What’s the secret to making your running training effective? You know, all the way to the expert level. Is it just a case of trying, failing, and learning what works?
The path of trial and error is the one most of us have to take, but luckily, there’s a lot you can do to become a better runner. But, what exactly?
We asked researchers, coaches, and professional athletes what makes running training effective and as a result, we put together these 6 steps to progress in running.
1. Run outside your comfort zone
The human body tends to do what’s comfortable but staying in your comfort zone will lead to a stagnant state with no progress in sight.
Working on the aspects that feel challenging is where you can make the biggest improvements. That’s because the body reacts to overload and develops when pushed outside its comfort zone.
So, you should do what feels (slightly) unpleasant, which means:
- If you hate doing flexibility and you’ve gone out of your way to avoid it, that’s what you should be doing.
- If you like long runs, but hate getting your heart rate up, you should still include some high tempo work in your training.
Spot The Missing Elements
Look at what you’re doing on a weekly and monthly basis to see what’s missing from your running training.
See what other athletes are doing and learn from them. But don’t copy blindly – adapt the best practices that serve you.
2. spice Up Your Training
It’s easy to get caught up with focusing on just one type of running, but avoid getting stuck doing one thing and one thing only.
Make sure your running training is varied and enjoyable. That will help you reach peak performance on race day.
For example, if you’re training for a marathon, long runs are key, but at the same time, it’s necessary to build your threshold running and possibly even do a prep race to check progress.
Personalize Your Plan
Build a running training plan that fits your lifestyle and fitness level and keep in mind nothing should be set in stone: Adjust the plan if and when necessary.
Build Up Gradually
Build your running training gradually: just by a few minutes or short distances a week – and make sure the increased effort is easy to manage.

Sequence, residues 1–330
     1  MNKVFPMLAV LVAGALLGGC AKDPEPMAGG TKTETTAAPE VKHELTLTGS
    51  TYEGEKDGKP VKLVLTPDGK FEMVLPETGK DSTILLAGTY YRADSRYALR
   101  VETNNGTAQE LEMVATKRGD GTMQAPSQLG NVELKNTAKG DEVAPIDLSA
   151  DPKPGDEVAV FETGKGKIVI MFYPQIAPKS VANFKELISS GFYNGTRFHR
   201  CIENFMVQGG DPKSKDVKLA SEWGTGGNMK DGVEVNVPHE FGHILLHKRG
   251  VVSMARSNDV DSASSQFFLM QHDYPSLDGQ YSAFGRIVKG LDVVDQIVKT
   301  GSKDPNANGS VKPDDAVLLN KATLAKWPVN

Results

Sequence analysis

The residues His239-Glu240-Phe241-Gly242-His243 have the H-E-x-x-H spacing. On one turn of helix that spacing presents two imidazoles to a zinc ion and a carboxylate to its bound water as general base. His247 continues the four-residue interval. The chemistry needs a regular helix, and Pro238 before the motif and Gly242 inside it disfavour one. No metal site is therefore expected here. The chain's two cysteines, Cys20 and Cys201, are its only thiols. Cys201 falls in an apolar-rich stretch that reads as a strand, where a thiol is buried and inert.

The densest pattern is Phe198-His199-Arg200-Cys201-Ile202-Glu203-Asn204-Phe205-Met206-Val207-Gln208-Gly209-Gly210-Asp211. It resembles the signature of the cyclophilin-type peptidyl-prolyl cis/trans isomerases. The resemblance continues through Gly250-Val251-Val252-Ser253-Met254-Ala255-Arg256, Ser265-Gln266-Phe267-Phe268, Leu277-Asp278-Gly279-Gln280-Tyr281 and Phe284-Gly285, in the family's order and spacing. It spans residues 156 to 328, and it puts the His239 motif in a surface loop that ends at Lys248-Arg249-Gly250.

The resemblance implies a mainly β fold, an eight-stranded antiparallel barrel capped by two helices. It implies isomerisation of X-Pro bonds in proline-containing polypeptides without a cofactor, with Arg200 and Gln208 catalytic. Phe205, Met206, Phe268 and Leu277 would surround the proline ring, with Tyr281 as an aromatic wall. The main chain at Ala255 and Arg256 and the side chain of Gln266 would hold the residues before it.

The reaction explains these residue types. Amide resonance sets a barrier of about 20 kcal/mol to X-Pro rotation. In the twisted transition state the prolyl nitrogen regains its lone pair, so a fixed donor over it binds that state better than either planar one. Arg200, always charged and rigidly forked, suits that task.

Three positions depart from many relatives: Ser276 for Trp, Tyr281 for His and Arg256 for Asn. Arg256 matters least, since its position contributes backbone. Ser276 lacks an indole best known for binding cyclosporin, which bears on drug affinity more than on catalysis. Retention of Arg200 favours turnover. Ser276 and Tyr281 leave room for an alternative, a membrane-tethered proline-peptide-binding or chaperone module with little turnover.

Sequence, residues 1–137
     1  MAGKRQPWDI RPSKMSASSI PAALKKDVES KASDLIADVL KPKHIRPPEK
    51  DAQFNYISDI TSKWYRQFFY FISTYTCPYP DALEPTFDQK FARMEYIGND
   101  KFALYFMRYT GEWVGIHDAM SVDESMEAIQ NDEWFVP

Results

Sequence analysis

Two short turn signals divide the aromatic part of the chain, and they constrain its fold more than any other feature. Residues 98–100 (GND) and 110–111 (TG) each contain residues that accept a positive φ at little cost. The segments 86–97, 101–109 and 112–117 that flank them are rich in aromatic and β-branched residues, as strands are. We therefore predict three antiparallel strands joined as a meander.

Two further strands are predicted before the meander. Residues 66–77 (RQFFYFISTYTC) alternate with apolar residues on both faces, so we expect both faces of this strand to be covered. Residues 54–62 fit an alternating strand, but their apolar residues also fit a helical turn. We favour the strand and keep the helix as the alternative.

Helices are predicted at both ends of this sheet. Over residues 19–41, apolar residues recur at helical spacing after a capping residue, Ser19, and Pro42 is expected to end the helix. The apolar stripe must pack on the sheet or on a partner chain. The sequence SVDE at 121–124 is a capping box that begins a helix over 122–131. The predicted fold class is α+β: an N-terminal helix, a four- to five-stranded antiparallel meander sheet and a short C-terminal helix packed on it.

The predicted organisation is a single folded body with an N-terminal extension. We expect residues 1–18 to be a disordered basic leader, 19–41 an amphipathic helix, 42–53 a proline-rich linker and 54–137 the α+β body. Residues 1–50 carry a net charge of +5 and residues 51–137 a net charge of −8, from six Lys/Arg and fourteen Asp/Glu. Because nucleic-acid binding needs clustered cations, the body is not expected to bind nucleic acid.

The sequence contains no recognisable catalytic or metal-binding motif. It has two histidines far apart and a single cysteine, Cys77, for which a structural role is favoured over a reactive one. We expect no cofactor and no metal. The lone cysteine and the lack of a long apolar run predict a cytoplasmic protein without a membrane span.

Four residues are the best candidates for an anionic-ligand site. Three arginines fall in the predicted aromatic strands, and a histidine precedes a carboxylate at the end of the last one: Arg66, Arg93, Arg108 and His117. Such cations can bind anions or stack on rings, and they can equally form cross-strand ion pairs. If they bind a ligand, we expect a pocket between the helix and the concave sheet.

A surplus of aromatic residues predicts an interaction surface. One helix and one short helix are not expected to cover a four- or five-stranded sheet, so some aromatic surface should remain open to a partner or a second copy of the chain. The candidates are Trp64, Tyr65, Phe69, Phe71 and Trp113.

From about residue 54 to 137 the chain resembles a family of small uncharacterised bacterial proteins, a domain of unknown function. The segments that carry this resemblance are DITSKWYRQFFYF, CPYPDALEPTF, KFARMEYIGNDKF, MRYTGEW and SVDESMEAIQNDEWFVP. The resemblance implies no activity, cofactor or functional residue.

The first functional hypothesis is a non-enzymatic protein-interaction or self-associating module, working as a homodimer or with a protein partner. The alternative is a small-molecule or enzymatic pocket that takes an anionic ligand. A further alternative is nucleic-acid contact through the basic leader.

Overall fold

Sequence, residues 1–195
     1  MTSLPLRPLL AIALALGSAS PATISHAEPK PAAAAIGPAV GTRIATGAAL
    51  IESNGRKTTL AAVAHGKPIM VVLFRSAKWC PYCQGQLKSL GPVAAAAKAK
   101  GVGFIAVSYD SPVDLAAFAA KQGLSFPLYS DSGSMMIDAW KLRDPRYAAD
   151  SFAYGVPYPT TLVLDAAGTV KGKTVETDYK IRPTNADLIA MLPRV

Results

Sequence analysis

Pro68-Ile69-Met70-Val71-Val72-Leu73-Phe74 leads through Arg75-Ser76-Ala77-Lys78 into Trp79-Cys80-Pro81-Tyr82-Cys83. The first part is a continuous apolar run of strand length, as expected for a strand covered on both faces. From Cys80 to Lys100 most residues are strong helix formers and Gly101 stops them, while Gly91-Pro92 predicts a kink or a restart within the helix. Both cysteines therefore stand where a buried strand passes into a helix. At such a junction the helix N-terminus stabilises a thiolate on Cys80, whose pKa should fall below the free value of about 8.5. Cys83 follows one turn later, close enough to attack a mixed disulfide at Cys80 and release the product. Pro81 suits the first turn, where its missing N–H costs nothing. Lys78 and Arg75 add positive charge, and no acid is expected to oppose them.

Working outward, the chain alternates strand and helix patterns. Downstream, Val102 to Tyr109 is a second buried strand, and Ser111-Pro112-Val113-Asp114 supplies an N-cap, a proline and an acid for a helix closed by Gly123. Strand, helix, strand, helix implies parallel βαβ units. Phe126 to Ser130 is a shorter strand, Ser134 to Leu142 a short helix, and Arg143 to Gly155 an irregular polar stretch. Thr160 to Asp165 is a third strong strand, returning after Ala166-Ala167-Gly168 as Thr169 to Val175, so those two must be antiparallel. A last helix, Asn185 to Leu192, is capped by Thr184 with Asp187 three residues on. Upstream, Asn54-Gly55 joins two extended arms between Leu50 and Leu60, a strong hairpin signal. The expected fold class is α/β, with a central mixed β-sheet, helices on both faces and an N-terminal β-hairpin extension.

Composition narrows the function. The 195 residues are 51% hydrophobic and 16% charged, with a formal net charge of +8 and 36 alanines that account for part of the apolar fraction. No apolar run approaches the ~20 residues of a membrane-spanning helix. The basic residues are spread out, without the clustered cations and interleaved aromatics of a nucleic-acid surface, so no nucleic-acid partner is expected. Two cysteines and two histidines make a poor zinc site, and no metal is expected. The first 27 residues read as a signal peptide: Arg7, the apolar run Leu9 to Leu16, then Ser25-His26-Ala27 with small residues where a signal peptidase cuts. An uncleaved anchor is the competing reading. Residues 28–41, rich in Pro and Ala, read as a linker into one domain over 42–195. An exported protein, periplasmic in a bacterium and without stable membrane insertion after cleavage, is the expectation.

3. Do ONe core Workout A week
A strong core makes you a better runner, but you don’t necessarily have to work on your core every day or for hours on end.
Research suggests that one 30-minute strength session per week produces the same results as two. So, instead of increasing frequency, you should invest in the duration and intensity of your core workouts.
If you only have a few minutes, focus on quality and opt for integrated core exercises that strengthen the front, back, and side of your core at the same time. That way you can make the most of the little time you have to become a better runner.
As an example of an integrated core exercise: a hover (a low plank) with your shoulders stacked above your elbows and your forearms down on the ground.
Strengthen The Hip
When you’re in the hover, lift and extend one leg, float the leg away from the body and and back in.
4. Save your stretches for later
Scientific evidence suggests that stretching before running doesn’t reduce injury, but could reduce power. Whereas stretching post-run may have some benefit for tight muscles.
That’s because stretching creates space in the body and better mobility and range of movement, which can improve your running speed and lower the risk of injury.
Keep Running And Stretching Separate
If you run in the morning, stretch in the afternoon or evening, and vice versa.
Stretch These Muscle Groups
- Calf muscles
- Hip abductors and the groin
5. WARM UP to become a better runner
While many runners tend to skip warming up before running, the commonly held belief is that warming up drastically reduces the occurrence of injuries, be it muscle, tendon, or bone.
Warming up before running is essential, especially if your goal is performance-oriented. Warming up is a way to make sure your body is awake on a neuromuscular level and minimize the risk of injuries.
Keep It Simple
Do some easy leg swings and lunges or try 20 minutes of easy jogging as a warm-up.
Mix Things Up
To find out what kind of warm-up works best for you, you can try different things and test, for example, if including 15-second sprints in your warm-up makes your race pace feel like a breeze.
6. Be open to advice
In many respects, you are the best expert when it comes to your body and how it reacts to training. However, on the flip side, everyone has something to learn when it comes to running – no matter your expertise level.
If you’re serious about becoming a better runner, getting a second (expert) opinion can be invaluable. This is because over time we all become blind to our own ideas and plans.
Getting an outside opinion doesn’t always mean hiring a running coach. The advice can come from a physical therapist or an online running group with some solid experience-based expertise.
Connect With Other Runners
Join a running group in your area to meet others and hear advice from more experienced runners.
Ask An Expert
Hire a running coach (or try online coaching) to help you with your running technique or find a physical therapist to help you tackle muscle weaknesses and imbalances.
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Please note that the information provided in the Polar Blog articles cannot replace individual advice from health professionals. Please consult your physician before starting a new fitness program.